Practice Pregnancy Plus

Inflammatory bowel disease in pregnancy

BMJ 2008; 337 doi: http://dx.doi.org/10.1136/bmj.39566.681458.BE (Published 03 July 2008) Cite this as: BMJ 2008;337:a427
  1. Charles B Ferguson, specialist registrar in gastroenterology1,
  2. Samina Mahsud-Dornan, subspecialist trainee in materno-fetal medicine1,
  3. R Neil Patterson, consultant gastroenterologist2
  1. 1The Royal Hospitals, Belfast BT12 6BA
  2. 2Antrim Area Hospital, Antrim, County Antrim, BT41 2RL
  1. Correspondence to: C B Ferguson charlieferguson{at}doctors.org.uk
  • Accepted 1 April 2008

Active maternal inflammatory bowel disease during pregnancy carries a greater risk to the fetus than appropriate treatment. Careful management is essential to achieve good obstetric outcome

Inflammatory bowel disease is a collective term for chronic illnesses characterised by inflammation of the intestinal tract, the most common of which are ulcerative colitis and Crohn’s disease. The natural course of inflammatory bowel disease is marked by periods of relapse followed by periods of remission, and the aims of management are induction and maintenance of remission and avoidance of disease complications.

Scenario

A 32 year old woman (para 2) presented at week 14 of pregnancy with bleeding from the rectum (clots and overt bleeding mixed with stools) but no change in bowel habit. She did not have haemorrhoids, stool cultures were negative, and she had moderate proctitis on proctoscopy. She was given steroid enemas, but these had no effect, and at 29 weeks’ gestation she was started on a course of oral prednisolone under the close supervision of the obstetricians. She had a good clinical response, but on tapering the dose her symptoms recurred, and at 35 weeks the dose was increased again to control her symptoms. The obstetricians monitored the fetus weekly and she delivered at term. Her steroid dose was again tapered and mesalazine was started. Subsequent colonoscopy showed mild rectosigmoiditis. She remains on maintenance mesalazine, she is breast feeding, and mother and baby are well.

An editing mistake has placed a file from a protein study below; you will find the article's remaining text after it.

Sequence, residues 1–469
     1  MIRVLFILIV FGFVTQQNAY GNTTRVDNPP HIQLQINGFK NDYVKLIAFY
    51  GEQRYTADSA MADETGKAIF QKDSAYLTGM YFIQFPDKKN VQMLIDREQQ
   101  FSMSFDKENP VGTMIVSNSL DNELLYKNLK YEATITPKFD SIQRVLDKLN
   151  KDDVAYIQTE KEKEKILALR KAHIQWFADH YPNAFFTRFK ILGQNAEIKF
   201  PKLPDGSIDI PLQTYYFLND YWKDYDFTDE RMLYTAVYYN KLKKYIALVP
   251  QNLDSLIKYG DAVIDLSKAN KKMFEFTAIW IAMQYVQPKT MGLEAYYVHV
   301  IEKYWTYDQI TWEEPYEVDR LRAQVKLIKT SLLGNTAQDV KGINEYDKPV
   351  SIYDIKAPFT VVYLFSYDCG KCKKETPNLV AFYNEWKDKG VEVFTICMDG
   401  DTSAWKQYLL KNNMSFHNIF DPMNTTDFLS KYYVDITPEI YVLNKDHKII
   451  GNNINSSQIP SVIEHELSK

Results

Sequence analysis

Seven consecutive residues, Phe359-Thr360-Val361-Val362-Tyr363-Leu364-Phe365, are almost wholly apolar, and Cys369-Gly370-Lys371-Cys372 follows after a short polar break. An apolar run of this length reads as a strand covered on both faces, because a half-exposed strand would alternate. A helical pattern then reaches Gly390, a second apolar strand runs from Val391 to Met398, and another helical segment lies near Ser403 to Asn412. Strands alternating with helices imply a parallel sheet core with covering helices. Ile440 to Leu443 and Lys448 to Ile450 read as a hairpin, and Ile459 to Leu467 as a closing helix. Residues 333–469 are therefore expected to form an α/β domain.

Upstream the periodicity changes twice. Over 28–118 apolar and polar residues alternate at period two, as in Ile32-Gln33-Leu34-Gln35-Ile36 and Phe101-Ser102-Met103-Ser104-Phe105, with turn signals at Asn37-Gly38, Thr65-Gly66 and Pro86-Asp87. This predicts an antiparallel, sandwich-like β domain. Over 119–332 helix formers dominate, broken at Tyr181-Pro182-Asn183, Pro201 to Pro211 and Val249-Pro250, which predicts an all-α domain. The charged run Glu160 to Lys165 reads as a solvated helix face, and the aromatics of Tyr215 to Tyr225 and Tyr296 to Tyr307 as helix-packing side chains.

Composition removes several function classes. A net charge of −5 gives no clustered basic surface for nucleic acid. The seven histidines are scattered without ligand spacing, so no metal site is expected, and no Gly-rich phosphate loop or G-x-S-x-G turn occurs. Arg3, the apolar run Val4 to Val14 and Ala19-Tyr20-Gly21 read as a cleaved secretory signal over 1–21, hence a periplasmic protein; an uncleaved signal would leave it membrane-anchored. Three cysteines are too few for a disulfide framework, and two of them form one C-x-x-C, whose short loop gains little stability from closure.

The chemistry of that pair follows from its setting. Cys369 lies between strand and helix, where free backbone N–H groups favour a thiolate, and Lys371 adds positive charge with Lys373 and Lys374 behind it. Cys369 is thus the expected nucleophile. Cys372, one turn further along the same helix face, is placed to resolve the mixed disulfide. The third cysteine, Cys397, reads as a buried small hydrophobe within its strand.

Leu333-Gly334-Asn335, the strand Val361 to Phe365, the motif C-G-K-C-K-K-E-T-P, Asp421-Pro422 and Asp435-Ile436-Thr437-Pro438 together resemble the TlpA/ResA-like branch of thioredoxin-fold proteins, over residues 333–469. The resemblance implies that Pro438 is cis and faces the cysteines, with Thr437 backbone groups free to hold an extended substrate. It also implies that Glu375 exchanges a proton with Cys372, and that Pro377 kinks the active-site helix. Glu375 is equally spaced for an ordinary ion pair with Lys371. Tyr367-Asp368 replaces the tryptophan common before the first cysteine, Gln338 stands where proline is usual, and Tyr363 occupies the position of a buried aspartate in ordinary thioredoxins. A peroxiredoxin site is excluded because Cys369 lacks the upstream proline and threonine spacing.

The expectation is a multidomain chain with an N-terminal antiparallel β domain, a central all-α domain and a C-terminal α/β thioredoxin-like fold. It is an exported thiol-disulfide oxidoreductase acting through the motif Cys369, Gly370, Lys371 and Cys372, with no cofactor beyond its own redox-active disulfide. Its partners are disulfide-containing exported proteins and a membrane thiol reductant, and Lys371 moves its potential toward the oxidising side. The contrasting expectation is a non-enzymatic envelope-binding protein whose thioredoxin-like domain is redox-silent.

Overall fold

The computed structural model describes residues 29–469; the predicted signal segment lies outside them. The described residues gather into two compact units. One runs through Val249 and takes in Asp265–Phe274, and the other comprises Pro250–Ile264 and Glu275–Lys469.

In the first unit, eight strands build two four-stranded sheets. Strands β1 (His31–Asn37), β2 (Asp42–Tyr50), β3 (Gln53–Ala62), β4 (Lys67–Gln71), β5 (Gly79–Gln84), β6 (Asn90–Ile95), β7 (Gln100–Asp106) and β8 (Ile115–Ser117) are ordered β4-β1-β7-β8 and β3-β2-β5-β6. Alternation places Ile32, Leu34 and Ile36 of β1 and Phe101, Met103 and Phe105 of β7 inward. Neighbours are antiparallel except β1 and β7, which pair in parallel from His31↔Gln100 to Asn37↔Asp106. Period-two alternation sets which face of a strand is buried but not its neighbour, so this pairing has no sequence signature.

Diagnosis is often made early in life and 50% of patients are diagnosed before 35 years of age. The incidence of ulcerative colitis is estimated at 10.4 per 100 000 and that of Crohn’s disease at around 5.6/100 000 in Western populations.1 2 About a quarter of female patients with inflammatory bowel disease will conceive after the diagnosis is made, so an understanding of managing the disease …

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